5. When you can’t create you can work.
  6. Cement a little every day, rather than add new fertilizers.
  7. Keep human! See people, go places, drink if you feel like it.
  8. Don’t be a draught-horse! Work with pleasure only.
  9. Discard the Program when you feel like it — but go back to it next day. Concentrate. Narrow down. Exclude.
  10. Forget the books you want to write. Think only of the book you are writing.
  11. Write first and always. Painting, music, friends, cinema, all these come afterwards.

See if you notice a trend on this piece about Leo Tolstoy, the Russian writer of War and Peace:

“I must write each day without fail, not so much for the success of the work, as in order not to get out of my routine.” … Then he, too came up to have his breakfast, for which he usually ate two boiled eggs in a glass. He did not eat anything after that until five in the afternoon. Later, at the end of 1880, he began to take luncheon at two or three. He was not talkative at breakfast and soon retired to his study with a glass of tea. We hardly saw him after that until dinner.”

Tolstoy reportedly worked in isolation. No one was allowed to enter his study, the doors were always locked, and he removed interruptions.

On Mark Twain:

His routine was simple: he would go to the study in the morning after a hearty breakfast and stay there until dinner at about 5:00. Since he skipped lunch, and since his family would not venture near the study – they would blow a horn if they needed him – he could usually work uninterruptedly for several hours.

“On hot days” he wrote to a friend, “I spread the study wide open, anchor my papers down with brickbats, and write in the midst of the hurricane, clothed in the same linen we make shirts of.”

Charles Dickens:

Dickens’s working hours were invariable. His eldest son recalled that “no city clerk was ever more methodical or orderly than he; no humdrum, monotonous, conventional task could ever have been discharged with more punctuality or with more business-like regularity, than he gave to the work of his imagination and fancy.”

He rose at 7:00, had breakfast at 8:00, and was in his study by 9:00. He stayed there until 2:00, taking a brief break for lunch with his family, during which he often seemed to be in a trance, eating mechanically and barely speaking a word before hurrying back to his desk.

On an ordinary day he could complete about two thousand words in this way, but during a flight of imagination he sometimes managed twice that amount. Other days, however, he would hardly write anything; nevertheless, he stuck to his work hours without fail, doodling and staring out the window to pass the time.

Promptly at 2:00, Dickens left his desk for a vigorous three-hour walk through the countryside or the streets of London, continuing to think of his story and, as he described it, “searching for some pictures I wanted to build upon.” Returning home, his brother-in-law remembered, “he looked the personification of energy, which seemed to ooze from every pore as from some hidden reservoir.” Dickens’s nights, however, were relaxed: he dined at 6:00, then spent the evening with family or friends before retiring at midnight.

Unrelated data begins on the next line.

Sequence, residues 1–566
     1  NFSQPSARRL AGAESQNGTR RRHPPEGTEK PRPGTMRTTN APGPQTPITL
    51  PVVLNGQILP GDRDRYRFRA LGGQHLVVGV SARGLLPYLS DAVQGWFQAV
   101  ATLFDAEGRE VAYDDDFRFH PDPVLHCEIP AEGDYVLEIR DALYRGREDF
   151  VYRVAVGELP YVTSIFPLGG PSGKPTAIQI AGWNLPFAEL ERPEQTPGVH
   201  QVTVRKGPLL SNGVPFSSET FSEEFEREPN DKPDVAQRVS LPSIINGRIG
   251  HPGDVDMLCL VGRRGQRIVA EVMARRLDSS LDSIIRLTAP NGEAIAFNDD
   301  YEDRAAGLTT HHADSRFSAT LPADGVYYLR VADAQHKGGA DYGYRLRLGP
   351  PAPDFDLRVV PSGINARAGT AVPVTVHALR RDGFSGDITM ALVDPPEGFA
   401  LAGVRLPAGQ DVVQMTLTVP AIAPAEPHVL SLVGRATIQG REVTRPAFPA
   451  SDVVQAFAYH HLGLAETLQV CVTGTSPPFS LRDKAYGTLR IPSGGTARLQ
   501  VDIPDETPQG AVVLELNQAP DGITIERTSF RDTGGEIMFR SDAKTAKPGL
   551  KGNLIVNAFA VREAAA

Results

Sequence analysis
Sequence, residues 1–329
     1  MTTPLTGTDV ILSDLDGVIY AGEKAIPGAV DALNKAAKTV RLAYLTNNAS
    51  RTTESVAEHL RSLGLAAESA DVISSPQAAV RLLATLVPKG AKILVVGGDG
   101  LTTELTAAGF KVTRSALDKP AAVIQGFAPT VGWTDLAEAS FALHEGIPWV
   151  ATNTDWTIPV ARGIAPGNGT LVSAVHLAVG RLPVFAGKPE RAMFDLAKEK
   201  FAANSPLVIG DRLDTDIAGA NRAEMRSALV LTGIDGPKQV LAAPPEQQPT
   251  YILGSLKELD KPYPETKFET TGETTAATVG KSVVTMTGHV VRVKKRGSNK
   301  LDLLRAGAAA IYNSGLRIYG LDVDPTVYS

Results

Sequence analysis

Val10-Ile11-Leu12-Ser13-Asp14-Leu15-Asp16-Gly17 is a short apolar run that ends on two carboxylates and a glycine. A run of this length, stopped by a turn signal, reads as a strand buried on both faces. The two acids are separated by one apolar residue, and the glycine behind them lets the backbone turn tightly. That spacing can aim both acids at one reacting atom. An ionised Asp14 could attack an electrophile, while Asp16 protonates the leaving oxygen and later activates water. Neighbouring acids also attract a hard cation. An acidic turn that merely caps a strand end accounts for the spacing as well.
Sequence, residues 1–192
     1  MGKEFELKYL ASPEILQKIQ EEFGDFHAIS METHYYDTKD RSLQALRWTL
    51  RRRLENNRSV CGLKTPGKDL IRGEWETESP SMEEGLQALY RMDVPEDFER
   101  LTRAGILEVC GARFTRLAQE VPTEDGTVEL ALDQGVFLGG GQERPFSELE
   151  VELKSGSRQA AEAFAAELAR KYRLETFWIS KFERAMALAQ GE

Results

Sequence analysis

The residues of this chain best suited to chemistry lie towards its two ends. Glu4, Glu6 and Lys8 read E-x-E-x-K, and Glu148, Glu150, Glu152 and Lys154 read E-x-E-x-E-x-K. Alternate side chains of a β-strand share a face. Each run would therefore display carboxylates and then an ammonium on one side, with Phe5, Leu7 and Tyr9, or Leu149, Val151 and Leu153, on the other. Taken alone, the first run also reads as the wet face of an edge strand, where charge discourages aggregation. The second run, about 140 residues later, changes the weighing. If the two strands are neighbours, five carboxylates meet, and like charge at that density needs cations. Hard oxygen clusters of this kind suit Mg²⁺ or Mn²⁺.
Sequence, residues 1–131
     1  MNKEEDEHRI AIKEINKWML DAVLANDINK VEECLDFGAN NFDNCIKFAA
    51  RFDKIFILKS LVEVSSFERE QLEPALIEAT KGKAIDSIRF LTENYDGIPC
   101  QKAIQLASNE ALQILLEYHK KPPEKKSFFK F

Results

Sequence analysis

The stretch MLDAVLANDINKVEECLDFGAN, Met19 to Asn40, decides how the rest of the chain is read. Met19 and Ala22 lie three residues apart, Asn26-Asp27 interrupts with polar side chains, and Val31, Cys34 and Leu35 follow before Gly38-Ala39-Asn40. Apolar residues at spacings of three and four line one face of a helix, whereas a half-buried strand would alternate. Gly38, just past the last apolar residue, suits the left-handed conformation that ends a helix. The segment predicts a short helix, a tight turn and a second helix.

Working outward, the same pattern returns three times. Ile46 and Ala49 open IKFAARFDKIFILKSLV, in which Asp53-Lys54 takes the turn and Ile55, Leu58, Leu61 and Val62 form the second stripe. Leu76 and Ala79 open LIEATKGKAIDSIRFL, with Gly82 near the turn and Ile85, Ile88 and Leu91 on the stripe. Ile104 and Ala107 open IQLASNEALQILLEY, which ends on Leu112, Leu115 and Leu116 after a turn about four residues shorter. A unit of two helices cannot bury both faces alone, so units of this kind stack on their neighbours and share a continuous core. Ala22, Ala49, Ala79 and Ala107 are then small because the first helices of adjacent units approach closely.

All of these people had something in common: they did things even when they didn’t want to, they isolated themselves, they focused on one thing, and everyone knew not to disturb them or their process. They built their lives to set them up for success in their creative endeavors.

In other words, you can’t do anything useful for anyone if all you do is clack away at emails and text messages all day.

My routine has a similar cadence: I wake up at 5 or 5:30, usually without much or any help from the alarm. I cook a breakfast of one sausage patty, two strips of bacon, two eggs over-medium until they’re just not runny anymore, and 5-6 strawberries with a glass of iced tea. While eating I review some of my more urgent-looking emails and news.

I’m out the door on my bike by 6, at the office by 6:30, and drinking a cup of coffee by 7. I start by writing posts for clients or doing design work. I prefer to work uninterupted until 10:30 by leaving my phone and emails off.

I walk for lunch at 11, come back and tackle administrative tasks and typically schedule phone calls for after lunch.

I’m out the door by 3:45 for a workout at 4, bike back home at 5:15, and then it’s time for a shower, dinner, and more personal writing for the evening.

If only I could see the same success as Vonnegut or Jobs.

My earliest memory

There are a series of three or four photo albums at my dad’s house in Salem. There are not as many photos in those albums as I imagine other families have. For one, we didn’t take photos very often just “around the house”. When my mother was dying, somewhere between her final diagnosis and final surgery, she tore up all the photos with her in them. In a time before digital anything, she deleted herself.